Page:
Southern Africa could ride on agro-allied industries to steer growth


Prosper Ndlovu


SOUTHERN Africa’s economies stand to benefit immensely if member states collaborate to develop vibrant agro-allied industries and enhance regional value chains particularly in the agriculture sector, a report has shown.

The agriculture sector features prominently in the SADC regional economy, contributing between four and 27% of Gross Domestic Product (GDP) in different member states, according to the Regional Agricultural Policy document. For this reason, enhancing agriculture growth and food security is seen as a critical component of the region’s efforts to alleviate poverty.

A high-level Southern African Regional Stakeholder Forum held in Lilongwe, Malawi, recently deliberated on the need to bolster agricultural production and harness various economic opportunities it presents.

Focused on the private sector role in accelerating regional integration and growing opportunities for investment and growth, the forum noted in its outcome statement issued last week, the need for the private sector to be more engaging and drive the regional integration process with its attendant benefits and creating better opportunities for investments, profits, and growth across economic sectors.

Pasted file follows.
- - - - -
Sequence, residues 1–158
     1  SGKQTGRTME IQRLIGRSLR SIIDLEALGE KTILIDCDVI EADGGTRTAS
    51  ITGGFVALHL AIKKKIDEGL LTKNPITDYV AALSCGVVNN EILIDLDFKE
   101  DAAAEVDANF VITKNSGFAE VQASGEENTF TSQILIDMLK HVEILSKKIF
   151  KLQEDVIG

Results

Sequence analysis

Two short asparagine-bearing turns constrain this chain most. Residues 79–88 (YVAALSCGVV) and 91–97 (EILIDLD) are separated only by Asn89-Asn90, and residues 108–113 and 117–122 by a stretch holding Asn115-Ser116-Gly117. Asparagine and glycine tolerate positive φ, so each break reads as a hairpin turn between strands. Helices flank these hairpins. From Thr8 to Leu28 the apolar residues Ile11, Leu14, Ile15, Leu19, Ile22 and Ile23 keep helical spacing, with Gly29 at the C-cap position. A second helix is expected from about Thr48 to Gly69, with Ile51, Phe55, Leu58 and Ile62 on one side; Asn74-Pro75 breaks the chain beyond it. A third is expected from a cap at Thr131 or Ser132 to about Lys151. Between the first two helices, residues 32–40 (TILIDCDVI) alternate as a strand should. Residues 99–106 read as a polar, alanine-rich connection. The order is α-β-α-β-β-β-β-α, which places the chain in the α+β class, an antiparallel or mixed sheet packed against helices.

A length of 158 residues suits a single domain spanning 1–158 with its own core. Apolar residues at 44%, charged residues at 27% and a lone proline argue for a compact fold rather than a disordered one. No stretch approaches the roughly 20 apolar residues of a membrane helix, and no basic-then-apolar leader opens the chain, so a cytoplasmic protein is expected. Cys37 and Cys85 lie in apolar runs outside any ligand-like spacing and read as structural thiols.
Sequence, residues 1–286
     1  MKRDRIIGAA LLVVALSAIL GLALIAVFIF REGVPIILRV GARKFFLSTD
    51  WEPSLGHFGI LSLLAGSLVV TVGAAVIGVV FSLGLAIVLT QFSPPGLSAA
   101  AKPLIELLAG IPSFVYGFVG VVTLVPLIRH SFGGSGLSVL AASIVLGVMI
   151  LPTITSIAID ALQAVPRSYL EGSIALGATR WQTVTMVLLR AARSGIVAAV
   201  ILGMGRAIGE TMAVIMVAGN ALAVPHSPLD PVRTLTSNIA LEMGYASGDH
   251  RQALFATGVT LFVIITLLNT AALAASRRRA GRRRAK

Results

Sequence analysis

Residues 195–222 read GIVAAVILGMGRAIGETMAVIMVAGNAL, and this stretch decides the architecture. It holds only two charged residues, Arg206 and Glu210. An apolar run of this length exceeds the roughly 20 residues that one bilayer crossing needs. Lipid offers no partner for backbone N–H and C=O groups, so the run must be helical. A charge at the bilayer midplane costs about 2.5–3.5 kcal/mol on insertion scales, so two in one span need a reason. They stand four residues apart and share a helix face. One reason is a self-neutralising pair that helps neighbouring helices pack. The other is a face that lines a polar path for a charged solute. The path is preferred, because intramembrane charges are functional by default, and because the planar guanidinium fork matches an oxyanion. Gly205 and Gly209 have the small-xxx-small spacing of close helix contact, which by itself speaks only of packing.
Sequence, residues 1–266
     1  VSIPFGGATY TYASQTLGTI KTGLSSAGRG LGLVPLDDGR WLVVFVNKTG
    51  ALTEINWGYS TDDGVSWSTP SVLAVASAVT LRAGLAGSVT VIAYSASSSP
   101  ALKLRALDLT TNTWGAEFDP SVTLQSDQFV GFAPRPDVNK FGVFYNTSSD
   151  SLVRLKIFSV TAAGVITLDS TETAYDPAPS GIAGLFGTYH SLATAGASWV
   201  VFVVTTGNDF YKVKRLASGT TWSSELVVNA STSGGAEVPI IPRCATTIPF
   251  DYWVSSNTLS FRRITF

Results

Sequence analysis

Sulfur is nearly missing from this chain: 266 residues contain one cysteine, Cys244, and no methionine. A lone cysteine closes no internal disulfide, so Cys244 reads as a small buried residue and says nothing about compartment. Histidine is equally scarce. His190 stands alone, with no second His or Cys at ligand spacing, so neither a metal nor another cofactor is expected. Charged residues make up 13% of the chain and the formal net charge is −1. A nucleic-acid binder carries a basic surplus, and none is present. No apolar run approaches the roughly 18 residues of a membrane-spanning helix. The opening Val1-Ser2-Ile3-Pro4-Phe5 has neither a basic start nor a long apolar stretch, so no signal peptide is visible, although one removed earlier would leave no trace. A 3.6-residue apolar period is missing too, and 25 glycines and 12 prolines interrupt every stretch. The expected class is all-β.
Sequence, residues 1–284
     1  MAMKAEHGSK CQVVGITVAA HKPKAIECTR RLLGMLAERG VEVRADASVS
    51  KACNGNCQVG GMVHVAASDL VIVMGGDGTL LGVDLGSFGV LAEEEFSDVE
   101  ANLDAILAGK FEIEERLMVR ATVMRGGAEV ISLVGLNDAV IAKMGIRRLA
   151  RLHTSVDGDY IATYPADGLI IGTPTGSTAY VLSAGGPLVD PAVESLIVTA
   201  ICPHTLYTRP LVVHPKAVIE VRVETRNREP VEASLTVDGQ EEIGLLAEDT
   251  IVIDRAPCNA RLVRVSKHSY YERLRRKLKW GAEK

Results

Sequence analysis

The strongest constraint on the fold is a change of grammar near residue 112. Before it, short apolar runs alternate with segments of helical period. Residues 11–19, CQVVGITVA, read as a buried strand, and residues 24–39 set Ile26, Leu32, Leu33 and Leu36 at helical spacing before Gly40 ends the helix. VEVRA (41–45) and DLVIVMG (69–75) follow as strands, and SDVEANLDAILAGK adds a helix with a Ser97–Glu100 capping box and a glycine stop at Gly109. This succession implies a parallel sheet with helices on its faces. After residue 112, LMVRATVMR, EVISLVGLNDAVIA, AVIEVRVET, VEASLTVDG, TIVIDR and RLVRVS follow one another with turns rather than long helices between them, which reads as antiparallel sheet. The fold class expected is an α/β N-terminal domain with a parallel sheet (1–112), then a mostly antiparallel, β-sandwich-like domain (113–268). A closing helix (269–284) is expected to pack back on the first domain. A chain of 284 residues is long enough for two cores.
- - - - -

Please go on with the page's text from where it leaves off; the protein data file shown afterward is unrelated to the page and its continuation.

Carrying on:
There was consensus that agriculture holds the keys to desired growth levels.

“Being largely agrarian societies with most of the region’s citizens still engaged in the agriculture sector, the development of the agro-allied industry, enhancement of agricultural productivity, and regional value chains in agriculture must be promoted in Southern Africa,” reads part of the recommendations.

About 70% of the population is said to depend on agriculture for food, income and employment. Agriculture is also a major source of exports in several countries, contributing on average about 13% to total export earnings and about 66% to the value of intra-regional trade.

“Governments should put in place mechanisms that encourage foreign direct investments to create linkages with local MSMEs, including in the agricultural sector, with a view of creating backward and forward linkages, capacity building, and job creation,” reads the report.

In view of these considerations, the gathering agreed that the performance of agriculture has a strong influence on the rate of economic growth, the level of employment, demand for other goods, economic stability, food security and overall poverty eradication.